There is no one championing economic recovery more in the west midlands than Andy Street, and it is a pleasure to work with him in Wolverhampton. Will my right hon. Friend provide the great residents of Wolverhampton with an update on the potential move by the Ministry of Housing, Communities and Local Government to our great city, and will the Department seriously consider looking at the possibility of the i9 as an office location to start with?
I thank my hon. Friend for his championing of Wolverhampton, alongside Andy Street’s for the west midlands. With Cannock Chase being not that far from Wolverhampton, I can understand his enthusiasm for that great becoming home for the MHCLG. Our Places for Growth programme is working with Departments to finalise relocation plans, as we work to ensure that our geographical locations cover as representative a distribution across the UK as possible, including the west midlands, and further details will be provided shortly.
The nature of our new relationship with the EU outside the single market means that there are practical and procedural changes to which businesses and citizens must adjust. I can announce today that the Government are launching a £20 million SME Brexit support fund to help small businesses adjust to new customs rules of origin and VAT rules when trading with the EU.
The institutional framework within the UK-EU trade and co-operation agreement provides the UK with an opportunity to rebuild its relationship with the EU, including through a civil society forum. Can the Chancellor of the Duchy of Lancaster say what progress has been made on establishing the civil society forum and when he expects it to meet? Will he commit today to a significant majority of participants coming from charities, social enterprises and trade unions, in the light of the central role they play in our society?
The hon. Lady is right that the civil society forum is one of a number of ways in which the UK and the EU can work together in the interests of all. She makes a very important point about the importance of involving not just the third sector but trade union participants in that work, which gives me an opportunity to thank the millions of trade unionists across the country who have contributed so much to our response to the pandemic.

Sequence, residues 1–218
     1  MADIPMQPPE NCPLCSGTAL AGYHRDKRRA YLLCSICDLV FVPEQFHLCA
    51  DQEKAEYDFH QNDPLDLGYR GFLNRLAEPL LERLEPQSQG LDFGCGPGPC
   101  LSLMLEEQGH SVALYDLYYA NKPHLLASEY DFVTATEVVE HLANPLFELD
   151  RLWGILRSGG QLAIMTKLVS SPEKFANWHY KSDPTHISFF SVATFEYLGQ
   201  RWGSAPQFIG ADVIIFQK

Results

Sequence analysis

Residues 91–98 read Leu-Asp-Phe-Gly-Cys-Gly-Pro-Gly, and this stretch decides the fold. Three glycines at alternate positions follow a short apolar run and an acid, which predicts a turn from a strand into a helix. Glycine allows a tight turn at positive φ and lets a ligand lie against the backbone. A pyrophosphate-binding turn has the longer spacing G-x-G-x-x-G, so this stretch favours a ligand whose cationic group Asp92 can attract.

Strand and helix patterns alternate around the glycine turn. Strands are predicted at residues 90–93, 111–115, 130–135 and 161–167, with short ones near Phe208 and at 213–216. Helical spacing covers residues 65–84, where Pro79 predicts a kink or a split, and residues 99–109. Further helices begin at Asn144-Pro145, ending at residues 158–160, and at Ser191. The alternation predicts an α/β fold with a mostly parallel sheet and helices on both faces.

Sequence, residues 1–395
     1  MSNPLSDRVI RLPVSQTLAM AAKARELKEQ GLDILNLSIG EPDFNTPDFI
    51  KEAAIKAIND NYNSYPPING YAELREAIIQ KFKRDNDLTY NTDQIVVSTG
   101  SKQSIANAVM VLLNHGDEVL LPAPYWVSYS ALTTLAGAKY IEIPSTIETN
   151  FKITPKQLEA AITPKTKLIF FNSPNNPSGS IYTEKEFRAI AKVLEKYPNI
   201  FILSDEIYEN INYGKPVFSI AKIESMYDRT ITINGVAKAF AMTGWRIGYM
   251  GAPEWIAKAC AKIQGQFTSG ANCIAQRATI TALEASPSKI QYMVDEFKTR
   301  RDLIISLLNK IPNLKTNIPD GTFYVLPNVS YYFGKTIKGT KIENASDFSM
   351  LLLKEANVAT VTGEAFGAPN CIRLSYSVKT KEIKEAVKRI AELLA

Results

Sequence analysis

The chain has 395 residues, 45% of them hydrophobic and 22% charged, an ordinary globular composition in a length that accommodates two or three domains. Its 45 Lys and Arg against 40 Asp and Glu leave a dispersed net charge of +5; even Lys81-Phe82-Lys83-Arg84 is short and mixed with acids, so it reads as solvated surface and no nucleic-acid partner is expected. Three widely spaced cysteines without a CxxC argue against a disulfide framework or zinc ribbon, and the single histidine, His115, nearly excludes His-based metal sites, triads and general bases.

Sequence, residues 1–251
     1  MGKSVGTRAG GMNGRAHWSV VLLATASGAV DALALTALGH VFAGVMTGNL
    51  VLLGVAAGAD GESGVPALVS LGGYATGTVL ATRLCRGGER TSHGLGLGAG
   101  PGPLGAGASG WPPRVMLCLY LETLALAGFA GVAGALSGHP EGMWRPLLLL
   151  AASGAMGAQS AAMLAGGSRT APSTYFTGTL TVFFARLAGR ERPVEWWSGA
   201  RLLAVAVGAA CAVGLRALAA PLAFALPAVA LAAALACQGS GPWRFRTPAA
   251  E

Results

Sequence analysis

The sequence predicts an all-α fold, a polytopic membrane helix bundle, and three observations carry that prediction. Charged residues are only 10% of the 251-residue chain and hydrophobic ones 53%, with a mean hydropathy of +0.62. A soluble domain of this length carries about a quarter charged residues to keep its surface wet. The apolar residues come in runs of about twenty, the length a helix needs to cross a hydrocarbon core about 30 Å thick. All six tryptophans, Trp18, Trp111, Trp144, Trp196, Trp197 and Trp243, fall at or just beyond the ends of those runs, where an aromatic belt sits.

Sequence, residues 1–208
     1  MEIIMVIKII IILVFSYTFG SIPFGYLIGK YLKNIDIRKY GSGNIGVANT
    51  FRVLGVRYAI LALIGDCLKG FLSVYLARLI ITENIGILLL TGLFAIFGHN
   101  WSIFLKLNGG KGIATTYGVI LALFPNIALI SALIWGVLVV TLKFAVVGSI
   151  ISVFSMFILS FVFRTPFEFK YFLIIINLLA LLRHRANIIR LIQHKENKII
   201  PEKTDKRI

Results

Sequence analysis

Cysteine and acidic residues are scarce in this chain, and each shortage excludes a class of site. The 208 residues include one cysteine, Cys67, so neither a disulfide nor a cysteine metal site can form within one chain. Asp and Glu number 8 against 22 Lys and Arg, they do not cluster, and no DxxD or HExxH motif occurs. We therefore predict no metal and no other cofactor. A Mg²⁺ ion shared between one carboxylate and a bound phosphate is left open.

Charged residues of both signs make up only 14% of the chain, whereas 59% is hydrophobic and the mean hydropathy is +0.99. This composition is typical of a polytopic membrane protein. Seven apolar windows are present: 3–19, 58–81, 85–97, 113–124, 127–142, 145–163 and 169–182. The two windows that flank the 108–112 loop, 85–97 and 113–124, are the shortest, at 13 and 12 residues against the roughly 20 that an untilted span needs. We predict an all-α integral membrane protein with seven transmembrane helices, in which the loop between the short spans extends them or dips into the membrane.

My hon. Friend and constituency neighbour is absolutely right. There are some specific issues that relate to our departure from the European Union that can be resolved in the next few weeks and months, as we adjust to a new situation, and they are a consequence of change. There are other aspects of our relationship that are a new normal, and the £20 million we have announced today is a way of ensuring that small and medium-sized enterprises can be fully equipped for those challenges and also for all the opportunities that our departure from the EU brings.
Earlier this week, the Public Accounts Committee revealed that the Government’s secretive VIP procurement fast lane had dished out contracts worth £1.7 billion, yet on 18 November, the Paymaster General claimed in the House that there was “no such thing” as a high priority lane. Given the scale of public money, concerns from the National Audit Office and apparent confusion at the Cabinet Office, when will the Government publish the names of businesses awarded contracts through this fast lane and, crucially, how they got on it?